Mississippi’s public high school graduation rate was just 75.5 percent in 2012–13, according to the latest data available from the U.S. Department of Education — well below the national average of 81.4 percent. Without a high school diploma or technical credentials, people face low-paying job prospects, even at a time like this, with relatively low unemployment along the Gulf Coast.
“Many individuals could be work-ready if they had their GED or technical credential,” says Mary S. Graham, president of Mississippi Gulf Coast Community College (MGCCC), the state’s largest GED-granting institution.
In 2014, MGCCC’s Transitions Academy began specifically targeting Mississippians over 18 to come and study basic academic skills and train for jobs in high-demand fields, such as welding and child care.
Individuals who enroll in Transitions Academy attend school at no cost. The program is modeled on a workplace environment (8 a.m. to 5 p.m.), with students required to dress and behave as if at a job. Each weekday morning, three hours are spent on basic skills needed to earn the GED; each afternoon, three hours are spent on acquiring technical skills for a competency certificate; the remaining time is spent working with instructors, being tutored or practicing, as needed.
“The key is the team-teaching efforts,” says Jason Pugh, vice president of Teaching and Learning and Community Campus. Joint sessions allow teachers to home in on specific needs, and instructors get together on a regular basis to discuss student progress. For example, a welding student who excels in math but struggles with selecting the appropriate tool for a task may be pulled to the side for individual attention. Other students might need more help with academics.
Getting students college- and career-ready
The academy began by offering certification in welding or child care. In the two options combined, 28 students enrolled. Twenty-one successfully completed the 2014 fall program, earning GEDs, college credits and industry credentials. This completion rate compares favorably with the mainstream welding training program. (Complete data for spring 2015 is not yet available.)
Instructors found that the volume of information was quite high for people without high school diplomas. For fall 2015, the program will expand from 16 to 23 weeks, in hopes that students will gain more of the knowledge they need for success.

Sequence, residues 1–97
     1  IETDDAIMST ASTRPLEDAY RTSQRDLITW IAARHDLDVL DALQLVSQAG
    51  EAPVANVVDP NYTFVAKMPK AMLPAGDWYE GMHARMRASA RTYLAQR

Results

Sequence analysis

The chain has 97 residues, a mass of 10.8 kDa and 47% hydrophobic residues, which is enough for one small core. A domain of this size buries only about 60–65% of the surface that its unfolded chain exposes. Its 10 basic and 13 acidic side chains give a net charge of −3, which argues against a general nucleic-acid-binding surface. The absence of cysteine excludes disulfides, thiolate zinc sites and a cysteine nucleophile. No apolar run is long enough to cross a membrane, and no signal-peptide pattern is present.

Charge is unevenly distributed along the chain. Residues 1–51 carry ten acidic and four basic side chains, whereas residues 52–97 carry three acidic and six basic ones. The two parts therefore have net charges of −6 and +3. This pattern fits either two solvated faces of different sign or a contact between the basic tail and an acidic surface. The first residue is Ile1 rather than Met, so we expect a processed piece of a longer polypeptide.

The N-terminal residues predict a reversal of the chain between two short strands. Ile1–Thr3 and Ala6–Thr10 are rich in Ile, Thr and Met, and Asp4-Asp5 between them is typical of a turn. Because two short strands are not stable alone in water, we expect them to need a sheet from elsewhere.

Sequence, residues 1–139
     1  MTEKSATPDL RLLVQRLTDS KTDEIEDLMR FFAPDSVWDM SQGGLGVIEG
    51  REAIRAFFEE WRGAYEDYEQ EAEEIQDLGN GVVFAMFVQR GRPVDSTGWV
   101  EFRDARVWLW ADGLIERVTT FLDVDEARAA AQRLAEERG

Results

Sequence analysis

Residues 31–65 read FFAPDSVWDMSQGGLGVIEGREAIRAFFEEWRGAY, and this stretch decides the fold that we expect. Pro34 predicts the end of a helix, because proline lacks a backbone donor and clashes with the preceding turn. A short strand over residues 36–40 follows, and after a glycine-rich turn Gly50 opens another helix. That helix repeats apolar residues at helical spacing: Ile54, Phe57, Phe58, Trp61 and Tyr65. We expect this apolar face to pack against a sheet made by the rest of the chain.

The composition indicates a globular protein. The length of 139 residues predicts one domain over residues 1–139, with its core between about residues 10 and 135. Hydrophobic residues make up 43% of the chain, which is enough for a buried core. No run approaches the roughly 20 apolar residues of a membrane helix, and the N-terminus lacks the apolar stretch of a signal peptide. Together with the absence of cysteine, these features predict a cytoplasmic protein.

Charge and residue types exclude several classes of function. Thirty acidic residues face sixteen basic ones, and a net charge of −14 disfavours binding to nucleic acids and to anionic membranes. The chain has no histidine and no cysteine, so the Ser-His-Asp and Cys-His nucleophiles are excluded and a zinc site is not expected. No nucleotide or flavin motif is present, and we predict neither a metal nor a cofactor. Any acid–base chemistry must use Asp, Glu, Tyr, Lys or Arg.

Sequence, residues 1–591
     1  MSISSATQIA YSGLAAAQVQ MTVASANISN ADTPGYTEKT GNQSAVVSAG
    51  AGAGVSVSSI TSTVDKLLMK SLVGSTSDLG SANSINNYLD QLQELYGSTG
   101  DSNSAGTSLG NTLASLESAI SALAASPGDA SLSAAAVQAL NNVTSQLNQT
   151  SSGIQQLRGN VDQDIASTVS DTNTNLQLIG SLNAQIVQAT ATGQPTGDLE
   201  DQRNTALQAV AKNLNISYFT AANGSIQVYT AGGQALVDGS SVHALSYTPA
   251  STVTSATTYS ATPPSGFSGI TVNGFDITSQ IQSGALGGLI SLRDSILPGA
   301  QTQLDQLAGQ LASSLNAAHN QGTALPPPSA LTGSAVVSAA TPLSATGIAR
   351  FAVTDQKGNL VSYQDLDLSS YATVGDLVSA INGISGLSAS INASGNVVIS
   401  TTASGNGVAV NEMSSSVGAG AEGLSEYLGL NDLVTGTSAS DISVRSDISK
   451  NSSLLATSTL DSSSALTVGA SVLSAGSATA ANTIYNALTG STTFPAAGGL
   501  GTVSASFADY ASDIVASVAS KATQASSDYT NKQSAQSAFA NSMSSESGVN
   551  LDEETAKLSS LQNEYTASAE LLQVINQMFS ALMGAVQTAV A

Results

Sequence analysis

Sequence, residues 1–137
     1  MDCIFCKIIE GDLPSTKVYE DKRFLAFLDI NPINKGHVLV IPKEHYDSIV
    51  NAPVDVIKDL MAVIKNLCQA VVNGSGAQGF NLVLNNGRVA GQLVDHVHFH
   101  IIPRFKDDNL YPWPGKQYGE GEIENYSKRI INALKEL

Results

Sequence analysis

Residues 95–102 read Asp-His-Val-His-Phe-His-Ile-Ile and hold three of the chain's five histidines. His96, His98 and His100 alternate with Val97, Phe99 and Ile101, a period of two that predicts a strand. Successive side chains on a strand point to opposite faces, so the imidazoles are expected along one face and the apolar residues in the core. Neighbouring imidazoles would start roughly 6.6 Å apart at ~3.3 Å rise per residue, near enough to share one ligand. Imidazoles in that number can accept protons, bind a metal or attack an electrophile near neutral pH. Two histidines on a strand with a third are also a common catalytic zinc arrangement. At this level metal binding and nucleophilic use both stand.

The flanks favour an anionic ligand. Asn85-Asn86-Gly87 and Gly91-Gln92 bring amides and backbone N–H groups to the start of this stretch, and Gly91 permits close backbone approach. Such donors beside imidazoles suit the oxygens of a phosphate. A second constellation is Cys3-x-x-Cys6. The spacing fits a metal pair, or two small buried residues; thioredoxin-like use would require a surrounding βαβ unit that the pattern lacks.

Child-care positions on the Gulf Coast are plentiful, but they don’t pay as well as more technical trades. The child-care program didn’t generate as much interest as expected and will not be offered this semester. Welding, on the other hand, has proved to be a winner.
“We have an extremely close relationship [with the shipbuilding industry],” Pugh says. “We’re [its] predominant trainer. Welding is one of the highest-demand occupations on the coast. Anybody with a welding credential gets a job.”
The welding program’s primary limitation is the required equipment students need to learn on, which is both bulky and expensive. “Our industry came to the table,” Pugh says. Even with some special funds from the state, more money was required. “The preparation of equipment, wiring, piping — infrastructure is very expensive.” Ingalls Shipbuilding donated more than $50,00 toward the purchase of welding machines; other companies have donated equipment and cash to set up the needed lab spaces and supplies.
Representatives of the Kellogg Foundation met with the presidents of Mississippi’s 15 community colleges to examine pathways training and have just announced a new $100,000 grant. Some of that money will go to a student navigator dedicated to this cohort. MGCCC also wants to expand its program to one of the college’s other campuses.
“I’m a little biased,” Graham says. “We have a culture here of being innovative and progressive in our thinking. We do a lot of things — sometimes they work, and sometimes they don’t.”